COLUMBUS — Democrats in the Ohio House hope Gov. John Kasich includes all-day kindergarten, smaller class sizes and charter school accountability in his education reform bill.
And restored funding for districts.
"If Gov. Kasich is serious about education reform, his plan must focus on these areas and address historical deep cuts to the schools in his last budget," said Rep. Teresa Fedor, a Democrat from Toledo. "When spending on schools is reduced as much as it was in the last budget cycle, new state programs become unfunded mandates."
She added, "Schools need the proper tools and the proper funding to do their jobs."
Fedor joined state Reps. Debbie Phillips, from Albany, and Matt Lundy, from Lorain, during a press conference at the Statehouse Wednesday.
The three have not been involved in the behind-the-scenes development of the governor's proposal, which will be unveiled during a series of afternoon events today.
Kasich's administration has been tight-lipped about the plan, with few firm details released but lots of hints offered.
The governor frequently cites the plan instituted in the Cleveland school district as a model for others to follow.
That plan is designed to reward high-performing schools, facilitate the creation of new schools and close down schools that are failing. It includes provisions for a new funding model, a year-round school calendar, merit pay for teachers and a revamped central schools office.
In recent months, Kasich also has called for increased interaction between schools and private businesses, providing more career preparation for students at younger ages.
Kasich will present his new plan to reporters early in the afternoon at a Columbus-area hotel. A subsequent conference call and town hall meeting are scheduled for later in the day.
House Speaker Bill Batchelder, a Republican from Medina, and Senate President Keith Faber, a Republican from Celina, both said they discussed the plan with the administration. They declined to offer too many specifics Wednesday, other than to say they were generally supportive of what they've heard.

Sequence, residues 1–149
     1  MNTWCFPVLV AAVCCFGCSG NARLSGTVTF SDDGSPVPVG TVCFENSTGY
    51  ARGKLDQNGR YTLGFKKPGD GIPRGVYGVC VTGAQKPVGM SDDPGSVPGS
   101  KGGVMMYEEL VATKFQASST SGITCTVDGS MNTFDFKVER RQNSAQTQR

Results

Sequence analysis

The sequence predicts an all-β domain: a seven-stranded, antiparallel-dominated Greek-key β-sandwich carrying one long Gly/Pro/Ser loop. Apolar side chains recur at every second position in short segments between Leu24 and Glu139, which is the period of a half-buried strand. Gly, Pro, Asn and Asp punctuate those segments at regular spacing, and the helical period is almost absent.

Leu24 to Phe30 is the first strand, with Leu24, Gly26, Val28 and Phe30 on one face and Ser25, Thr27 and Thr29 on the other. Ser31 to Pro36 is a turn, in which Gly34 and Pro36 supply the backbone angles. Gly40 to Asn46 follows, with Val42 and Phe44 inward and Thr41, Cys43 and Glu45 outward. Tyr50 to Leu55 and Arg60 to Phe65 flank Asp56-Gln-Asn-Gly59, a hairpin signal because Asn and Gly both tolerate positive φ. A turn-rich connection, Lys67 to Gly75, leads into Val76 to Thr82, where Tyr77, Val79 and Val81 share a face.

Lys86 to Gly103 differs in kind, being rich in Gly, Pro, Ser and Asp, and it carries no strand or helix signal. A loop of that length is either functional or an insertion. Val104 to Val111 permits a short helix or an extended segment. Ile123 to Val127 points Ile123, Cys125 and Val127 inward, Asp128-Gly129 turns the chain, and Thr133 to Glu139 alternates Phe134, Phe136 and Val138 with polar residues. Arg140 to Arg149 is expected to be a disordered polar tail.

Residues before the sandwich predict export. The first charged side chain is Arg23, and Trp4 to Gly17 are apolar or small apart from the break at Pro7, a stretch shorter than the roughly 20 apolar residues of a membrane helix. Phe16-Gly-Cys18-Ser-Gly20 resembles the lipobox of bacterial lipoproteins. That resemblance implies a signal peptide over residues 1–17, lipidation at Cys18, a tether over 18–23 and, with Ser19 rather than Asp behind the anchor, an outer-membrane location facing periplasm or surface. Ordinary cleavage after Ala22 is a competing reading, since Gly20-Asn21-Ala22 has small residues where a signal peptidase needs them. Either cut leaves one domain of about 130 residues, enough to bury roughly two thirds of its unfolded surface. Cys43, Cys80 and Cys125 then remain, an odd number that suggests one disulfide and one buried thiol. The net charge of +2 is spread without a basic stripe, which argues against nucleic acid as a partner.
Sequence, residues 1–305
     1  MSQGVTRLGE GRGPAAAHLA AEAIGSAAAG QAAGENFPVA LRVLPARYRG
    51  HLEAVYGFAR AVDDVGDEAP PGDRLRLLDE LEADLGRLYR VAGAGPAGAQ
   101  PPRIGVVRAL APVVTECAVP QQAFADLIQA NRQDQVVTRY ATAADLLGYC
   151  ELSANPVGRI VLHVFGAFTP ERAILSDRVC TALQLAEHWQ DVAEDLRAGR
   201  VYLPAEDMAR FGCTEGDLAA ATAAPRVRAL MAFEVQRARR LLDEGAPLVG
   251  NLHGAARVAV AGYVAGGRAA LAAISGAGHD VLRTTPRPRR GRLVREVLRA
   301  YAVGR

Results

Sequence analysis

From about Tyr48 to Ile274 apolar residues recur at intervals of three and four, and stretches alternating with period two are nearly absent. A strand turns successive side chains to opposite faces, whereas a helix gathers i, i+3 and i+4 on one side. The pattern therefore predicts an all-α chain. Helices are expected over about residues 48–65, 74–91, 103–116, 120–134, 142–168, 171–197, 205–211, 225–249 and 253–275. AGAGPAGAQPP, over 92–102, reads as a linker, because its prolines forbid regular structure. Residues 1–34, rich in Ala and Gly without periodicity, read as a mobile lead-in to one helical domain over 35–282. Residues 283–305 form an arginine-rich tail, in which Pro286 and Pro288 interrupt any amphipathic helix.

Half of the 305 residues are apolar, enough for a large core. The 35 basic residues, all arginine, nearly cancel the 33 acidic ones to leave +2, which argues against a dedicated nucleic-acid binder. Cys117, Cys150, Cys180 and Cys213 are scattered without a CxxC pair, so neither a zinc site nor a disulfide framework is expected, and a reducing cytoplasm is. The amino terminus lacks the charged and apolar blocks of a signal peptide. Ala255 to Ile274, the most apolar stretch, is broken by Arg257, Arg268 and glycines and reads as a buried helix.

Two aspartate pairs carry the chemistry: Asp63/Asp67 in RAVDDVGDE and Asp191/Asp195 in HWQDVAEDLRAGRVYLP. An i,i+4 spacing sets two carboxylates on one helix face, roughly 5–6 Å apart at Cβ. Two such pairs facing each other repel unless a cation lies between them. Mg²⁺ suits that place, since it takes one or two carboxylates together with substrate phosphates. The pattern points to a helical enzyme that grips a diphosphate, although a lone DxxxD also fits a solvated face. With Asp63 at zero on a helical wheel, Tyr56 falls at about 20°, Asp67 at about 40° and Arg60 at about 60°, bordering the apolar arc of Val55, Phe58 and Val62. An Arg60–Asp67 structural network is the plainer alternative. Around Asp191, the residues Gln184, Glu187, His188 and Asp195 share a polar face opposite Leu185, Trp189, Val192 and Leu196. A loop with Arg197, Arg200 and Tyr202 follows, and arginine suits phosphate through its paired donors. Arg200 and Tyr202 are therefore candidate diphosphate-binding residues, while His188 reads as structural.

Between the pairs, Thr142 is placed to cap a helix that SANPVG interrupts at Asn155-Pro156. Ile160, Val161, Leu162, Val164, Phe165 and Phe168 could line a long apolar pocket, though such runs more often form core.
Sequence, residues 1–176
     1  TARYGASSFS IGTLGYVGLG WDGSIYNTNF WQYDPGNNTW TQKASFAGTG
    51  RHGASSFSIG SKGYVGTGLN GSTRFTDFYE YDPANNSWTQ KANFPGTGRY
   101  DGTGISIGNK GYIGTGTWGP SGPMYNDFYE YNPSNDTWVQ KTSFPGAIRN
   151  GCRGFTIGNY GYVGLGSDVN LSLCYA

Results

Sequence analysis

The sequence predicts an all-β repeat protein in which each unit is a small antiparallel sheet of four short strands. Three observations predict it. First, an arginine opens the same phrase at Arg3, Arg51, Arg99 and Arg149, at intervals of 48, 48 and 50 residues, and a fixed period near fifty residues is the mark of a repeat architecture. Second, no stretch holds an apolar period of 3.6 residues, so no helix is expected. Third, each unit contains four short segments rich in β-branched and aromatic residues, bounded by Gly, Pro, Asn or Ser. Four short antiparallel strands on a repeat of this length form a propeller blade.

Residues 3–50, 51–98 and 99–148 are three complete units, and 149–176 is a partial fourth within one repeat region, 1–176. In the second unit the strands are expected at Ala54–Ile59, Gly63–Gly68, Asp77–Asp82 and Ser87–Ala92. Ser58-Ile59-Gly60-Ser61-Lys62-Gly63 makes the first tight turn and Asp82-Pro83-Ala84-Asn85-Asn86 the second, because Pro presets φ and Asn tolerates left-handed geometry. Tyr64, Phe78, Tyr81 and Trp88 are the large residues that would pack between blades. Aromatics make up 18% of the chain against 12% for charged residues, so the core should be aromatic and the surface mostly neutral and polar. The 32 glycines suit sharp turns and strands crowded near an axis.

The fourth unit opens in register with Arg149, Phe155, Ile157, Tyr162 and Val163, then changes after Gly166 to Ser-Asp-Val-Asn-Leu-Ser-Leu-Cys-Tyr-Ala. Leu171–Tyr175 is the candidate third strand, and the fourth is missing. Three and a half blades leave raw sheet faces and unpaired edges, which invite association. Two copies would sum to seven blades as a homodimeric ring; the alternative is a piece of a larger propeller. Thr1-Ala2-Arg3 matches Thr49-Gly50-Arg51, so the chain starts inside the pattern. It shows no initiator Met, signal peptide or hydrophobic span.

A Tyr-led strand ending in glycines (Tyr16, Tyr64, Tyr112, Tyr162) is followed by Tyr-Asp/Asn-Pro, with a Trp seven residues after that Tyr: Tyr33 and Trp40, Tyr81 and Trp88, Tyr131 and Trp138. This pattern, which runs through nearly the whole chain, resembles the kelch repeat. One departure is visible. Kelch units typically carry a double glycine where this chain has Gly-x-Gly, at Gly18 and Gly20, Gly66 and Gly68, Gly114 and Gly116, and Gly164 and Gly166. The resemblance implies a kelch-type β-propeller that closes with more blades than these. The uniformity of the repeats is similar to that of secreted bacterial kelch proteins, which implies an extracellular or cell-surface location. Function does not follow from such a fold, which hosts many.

"It certainly sounds like a good start," Faber said, adding, "I haven't seen all the details, but... I think so far what I've seen from the governor has been well done."
"I think you'll be impressed with some of it," Batchelder said. "He's trying to do some things that I think are going to be helpful to young people, particularly in urban areas. ... Obviously, there's some other subjects that are going to cause problems in both caucuses. For example, the idea of a whole new medical system for the world, I guess. Some of those kinds of things are going to be difficult for the different caucuses to deal with."
House Democrats on Wednesday said they hoped for a seat at the table during the coming deliberations.
"We are hopeful that there are going to be things in the reform package that we'll be able to support," Phillips said, adding, "There need to be real reforms that are based on the evidence of what works to help students improve academically. It can't just be rhetoric and hope that changing things is somehow going to produce a better result."
Marc Kovac is the Dix Capital Bureau Chief. Email him at firstname.lastname@example.org or on Twitter at OhioCapitalBlog.